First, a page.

Negotiators for the city and the Federal Emergency Management Agency are hammering out new floodplain maps – which will carry huge implications for insurance costs in low-lying areas of New York. But as storm season approaches, a new study reveals that New York's building codes are less equipped to prevent property damage caused by future hurricanes than other states along the Eastern Seaboard, Crain’s reports.
In “Rating the States: 2018,” issued by the Insurance Institute for Business and Home Safety, New York state scored a 64 out of a possible 100 points – ranking it 12th among the 18 waterfront states from Maine to Texas. Florida and New Jersey both scored above 90. The institute, a nonprofit that researches storm resiliency, said that more stringent building codes are one of the best ways for state governments to help prevent pricey property damage and the economic destabilization that comes along with it. New York suffered $32 billion in property damage in the wake of Superstorm Sandy.
"Bad weather is not new and will not stop," the institute's General Counsel Debra Ballen said in a statement. "But what can and must stop is the continued construction, and inevitable destruction, of weak, vulnerable homes built – and too often rebuilt – in questionable locations."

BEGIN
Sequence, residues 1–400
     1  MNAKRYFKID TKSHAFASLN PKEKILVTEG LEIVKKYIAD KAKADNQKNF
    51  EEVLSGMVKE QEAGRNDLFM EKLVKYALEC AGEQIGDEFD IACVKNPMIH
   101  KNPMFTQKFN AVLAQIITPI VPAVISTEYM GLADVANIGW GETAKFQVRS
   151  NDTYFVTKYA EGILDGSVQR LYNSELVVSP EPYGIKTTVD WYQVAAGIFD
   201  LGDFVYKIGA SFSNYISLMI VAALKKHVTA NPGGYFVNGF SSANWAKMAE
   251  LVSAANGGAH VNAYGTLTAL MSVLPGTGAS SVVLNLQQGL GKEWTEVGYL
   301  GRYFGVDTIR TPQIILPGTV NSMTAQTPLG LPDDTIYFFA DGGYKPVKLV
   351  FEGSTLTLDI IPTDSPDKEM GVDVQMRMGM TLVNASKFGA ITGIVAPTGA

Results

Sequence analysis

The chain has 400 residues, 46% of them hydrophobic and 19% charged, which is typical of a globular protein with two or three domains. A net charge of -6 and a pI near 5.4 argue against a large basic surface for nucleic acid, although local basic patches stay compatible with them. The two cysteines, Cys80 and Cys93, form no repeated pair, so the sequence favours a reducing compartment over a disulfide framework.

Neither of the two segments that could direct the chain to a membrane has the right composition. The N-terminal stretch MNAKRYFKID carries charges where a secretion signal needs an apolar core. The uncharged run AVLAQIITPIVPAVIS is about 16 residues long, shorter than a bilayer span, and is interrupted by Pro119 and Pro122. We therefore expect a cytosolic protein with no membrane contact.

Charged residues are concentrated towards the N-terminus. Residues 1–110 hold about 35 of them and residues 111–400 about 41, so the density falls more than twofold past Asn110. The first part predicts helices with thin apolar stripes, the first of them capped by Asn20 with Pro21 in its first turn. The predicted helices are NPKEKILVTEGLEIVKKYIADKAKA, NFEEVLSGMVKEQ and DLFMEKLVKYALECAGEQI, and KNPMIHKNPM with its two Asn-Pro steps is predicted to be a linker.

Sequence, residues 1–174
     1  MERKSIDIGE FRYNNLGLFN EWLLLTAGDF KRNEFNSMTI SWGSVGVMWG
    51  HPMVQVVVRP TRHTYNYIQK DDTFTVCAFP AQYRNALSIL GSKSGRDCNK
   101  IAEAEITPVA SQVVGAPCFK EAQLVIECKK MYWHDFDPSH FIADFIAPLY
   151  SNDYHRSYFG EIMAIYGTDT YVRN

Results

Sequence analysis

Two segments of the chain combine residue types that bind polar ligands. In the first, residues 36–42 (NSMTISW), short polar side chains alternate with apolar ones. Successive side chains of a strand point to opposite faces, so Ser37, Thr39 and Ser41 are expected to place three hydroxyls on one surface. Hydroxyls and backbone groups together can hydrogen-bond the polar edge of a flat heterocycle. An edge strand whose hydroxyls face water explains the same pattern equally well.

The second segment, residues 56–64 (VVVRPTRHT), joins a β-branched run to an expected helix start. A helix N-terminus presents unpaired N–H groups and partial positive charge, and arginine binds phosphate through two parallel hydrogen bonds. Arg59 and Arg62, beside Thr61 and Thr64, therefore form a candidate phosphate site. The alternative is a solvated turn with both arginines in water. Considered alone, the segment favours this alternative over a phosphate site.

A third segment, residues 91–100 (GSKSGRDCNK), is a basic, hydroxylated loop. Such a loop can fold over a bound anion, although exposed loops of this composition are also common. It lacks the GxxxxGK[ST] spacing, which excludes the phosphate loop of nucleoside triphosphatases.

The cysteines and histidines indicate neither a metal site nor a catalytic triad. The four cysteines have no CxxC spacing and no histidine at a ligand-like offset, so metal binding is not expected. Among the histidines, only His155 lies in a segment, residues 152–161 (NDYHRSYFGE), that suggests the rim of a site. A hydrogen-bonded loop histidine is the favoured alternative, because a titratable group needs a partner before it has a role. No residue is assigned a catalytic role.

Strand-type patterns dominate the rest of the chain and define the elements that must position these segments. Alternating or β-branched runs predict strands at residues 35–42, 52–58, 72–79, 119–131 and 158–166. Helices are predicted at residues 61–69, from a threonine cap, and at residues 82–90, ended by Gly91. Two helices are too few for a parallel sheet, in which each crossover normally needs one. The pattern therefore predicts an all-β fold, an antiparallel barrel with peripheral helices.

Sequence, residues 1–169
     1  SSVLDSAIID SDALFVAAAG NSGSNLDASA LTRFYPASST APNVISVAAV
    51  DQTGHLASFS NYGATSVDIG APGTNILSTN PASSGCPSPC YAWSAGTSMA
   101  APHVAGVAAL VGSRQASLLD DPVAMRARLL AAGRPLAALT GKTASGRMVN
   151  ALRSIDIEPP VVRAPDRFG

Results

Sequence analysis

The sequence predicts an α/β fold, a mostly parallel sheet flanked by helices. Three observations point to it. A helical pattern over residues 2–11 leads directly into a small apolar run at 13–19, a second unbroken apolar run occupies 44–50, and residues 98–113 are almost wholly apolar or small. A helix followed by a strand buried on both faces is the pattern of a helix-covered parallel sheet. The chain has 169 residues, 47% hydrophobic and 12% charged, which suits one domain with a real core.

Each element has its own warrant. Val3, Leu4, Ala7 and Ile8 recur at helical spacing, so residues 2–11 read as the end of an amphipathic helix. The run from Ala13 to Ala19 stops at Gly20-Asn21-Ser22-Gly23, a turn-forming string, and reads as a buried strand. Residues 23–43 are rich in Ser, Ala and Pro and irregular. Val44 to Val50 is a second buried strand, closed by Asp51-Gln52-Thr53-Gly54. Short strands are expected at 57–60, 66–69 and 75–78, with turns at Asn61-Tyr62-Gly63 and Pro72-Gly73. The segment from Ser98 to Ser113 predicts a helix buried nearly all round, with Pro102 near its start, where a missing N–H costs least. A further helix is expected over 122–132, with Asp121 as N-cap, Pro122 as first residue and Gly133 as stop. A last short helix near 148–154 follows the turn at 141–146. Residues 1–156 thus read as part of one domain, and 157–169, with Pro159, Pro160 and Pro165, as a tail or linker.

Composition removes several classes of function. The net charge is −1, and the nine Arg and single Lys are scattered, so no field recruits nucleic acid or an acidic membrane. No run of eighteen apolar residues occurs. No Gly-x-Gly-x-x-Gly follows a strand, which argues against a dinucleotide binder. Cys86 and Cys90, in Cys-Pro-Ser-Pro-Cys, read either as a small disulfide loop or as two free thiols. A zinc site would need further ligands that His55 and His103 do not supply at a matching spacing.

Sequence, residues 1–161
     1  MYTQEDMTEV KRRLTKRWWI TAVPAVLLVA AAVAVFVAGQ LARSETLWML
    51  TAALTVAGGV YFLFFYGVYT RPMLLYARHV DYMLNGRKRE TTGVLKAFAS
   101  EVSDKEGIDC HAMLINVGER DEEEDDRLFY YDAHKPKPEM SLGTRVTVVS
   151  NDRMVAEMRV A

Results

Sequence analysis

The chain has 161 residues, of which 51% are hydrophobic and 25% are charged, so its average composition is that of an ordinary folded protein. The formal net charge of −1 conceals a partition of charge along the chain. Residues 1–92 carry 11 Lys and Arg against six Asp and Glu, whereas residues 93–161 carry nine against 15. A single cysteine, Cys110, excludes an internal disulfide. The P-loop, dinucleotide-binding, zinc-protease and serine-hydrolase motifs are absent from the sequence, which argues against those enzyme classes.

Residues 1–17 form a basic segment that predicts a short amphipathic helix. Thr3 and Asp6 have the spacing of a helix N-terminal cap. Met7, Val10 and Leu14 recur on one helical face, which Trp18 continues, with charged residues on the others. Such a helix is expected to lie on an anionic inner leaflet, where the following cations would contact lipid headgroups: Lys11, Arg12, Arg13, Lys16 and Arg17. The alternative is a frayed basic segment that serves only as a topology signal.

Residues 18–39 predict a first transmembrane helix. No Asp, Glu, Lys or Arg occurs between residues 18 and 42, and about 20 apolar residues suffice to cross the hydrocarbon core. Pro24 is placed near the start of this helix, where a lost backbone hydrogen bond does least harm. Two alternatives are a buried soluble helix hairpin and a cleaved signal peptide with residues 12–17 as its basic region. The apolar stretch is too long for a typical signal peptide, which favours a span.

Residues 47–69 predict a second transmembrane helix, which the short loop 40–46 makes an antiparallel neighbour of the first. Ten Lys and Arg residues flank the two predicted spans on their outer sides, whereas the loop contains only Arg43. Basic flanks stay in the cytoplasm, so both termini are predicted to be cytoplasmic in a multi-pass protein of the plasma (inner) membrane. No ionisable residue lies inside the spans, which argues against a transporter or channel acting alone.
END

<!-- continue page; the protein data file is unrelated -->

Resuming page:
New York's poor score was due in part to the fact that Albany gives local jurisdictions discretion on whether or not to license contractors such as plumbers or electricians. While New York City requires licensure, the institute recommended such requirements be imposed statewide.
Despite the low numbers, New York's score did improve since the last study in 2015, in part because of the adoption of a new building code. While New York State and several others in the study have adopted the 2015 version of a national standard code, the city is still on the 2009 iteration. It has made several piecemeal updates to the rules and to the zoning code to permit, for example, ground-floor retailers to deploy flood barriers.
A spokesman for the Department of Buildings said that the administration is currently working on more code revisions that will bolster requirements for waterfront infrastructure, including piers and seawalls.
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